Who will be more popular in Kyrgyzstan come New Year’s Day: newly appointed Prime Minister Almazbek Atambayev or his Russian counterpart, Vladimir Putin?
During his maiden trip to Moscow as premier, Atambayev secured a beautiful deal: Putin promised to drop, as of January 1, the punitive oil export tariffs he had instituted several days before Kurmanbek Bakiyev was overthrown last April. At the time, it seemed Putin was punishing Bakiyev for reneging on a promise to evict the Americans from their airbase at Manas.
The move could result in a 25 percent reduction of gasoline prices at the pump, and trickle down support throughout the ailing Kyrgyz economy.
In addition, Putin may have offered a $200 million loan to help Kyrgyzstan out of its crisis, Atambayev suggested.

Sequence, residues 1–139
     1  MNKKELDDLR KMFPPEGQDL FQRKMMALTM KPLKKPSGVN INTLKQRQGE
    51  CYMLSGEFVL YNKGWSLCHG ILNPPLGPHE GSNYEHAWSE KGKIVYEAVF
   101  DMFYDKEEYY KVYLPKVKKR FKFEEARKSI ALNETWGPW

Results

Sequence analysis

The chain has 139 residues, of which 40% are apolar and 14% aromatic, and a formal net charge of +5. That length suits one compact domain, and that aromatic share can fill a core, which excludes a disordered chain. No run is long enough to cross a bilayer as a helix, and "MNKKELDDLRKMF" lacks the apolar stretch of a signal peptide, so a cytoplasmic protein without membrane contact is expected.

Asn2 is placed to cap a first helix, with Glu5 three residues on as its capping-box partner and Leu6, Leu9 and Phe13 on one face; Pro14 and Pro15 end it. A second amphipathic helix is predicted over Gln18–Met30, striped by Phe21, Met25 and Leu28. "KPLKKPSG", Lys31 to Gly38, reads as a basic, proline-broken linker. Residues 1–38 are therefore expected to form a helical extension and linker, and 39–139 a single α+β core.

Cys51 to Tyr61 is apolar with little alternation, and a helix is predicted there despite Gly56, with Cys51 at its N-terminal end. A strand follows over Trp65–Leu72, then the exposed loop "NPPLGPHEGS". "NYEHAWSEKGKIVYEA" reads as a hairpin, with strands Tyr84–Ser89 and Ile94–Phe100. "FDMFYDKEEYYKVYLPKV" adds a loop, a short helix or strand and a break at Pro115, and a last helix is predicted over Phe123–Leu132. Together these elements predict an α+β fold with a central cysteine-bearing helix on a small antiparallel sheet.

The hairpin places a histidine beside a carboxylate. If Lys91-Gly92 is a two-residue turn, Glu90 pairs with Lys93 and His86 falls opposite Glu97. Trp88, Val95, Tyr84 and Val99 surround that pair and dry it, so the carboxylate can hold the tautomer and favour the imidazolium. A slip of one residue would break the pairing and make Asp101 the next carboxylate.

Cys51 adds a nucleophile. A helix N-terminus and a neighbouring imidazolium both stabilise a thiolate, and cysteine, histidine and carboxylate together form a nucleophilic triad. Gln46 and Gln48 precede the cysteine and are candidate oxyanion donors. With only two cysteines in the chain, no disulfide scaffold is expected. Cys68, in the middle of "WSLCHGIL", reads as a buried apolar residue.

What Atambayev promised in return is unclear, but he sought Russian investment in the country’s struggling energy sector, noting that Kyrgyzstan has “unbreakable bonds with Russia.” Moscow sees influence upstream as a lever over prickly Uzbekistan.
During his visit, the Russian press trumpeted Atambayev’s stated desire to join the new Moscow-led Customs Union of Russia, Belarus and Kazakhstan. “Once we were parts of the same great country, and no one is preventing us from being part of the common economic space and the Customs Union," he said in comments carried by RIA Novosti. Independent trade experts, however, say Kyrgyzstan will not be welcome in the Moscow-led trade body until Bishkek agrees on (and secures) its borders with insurgency-afflicted Tajikistan and that regional spoiler, Uzbekistan. If Moscow is indeed interested in embracing the Kyrgyz, its officials are surely sizing up those troublesome Ferghana borders.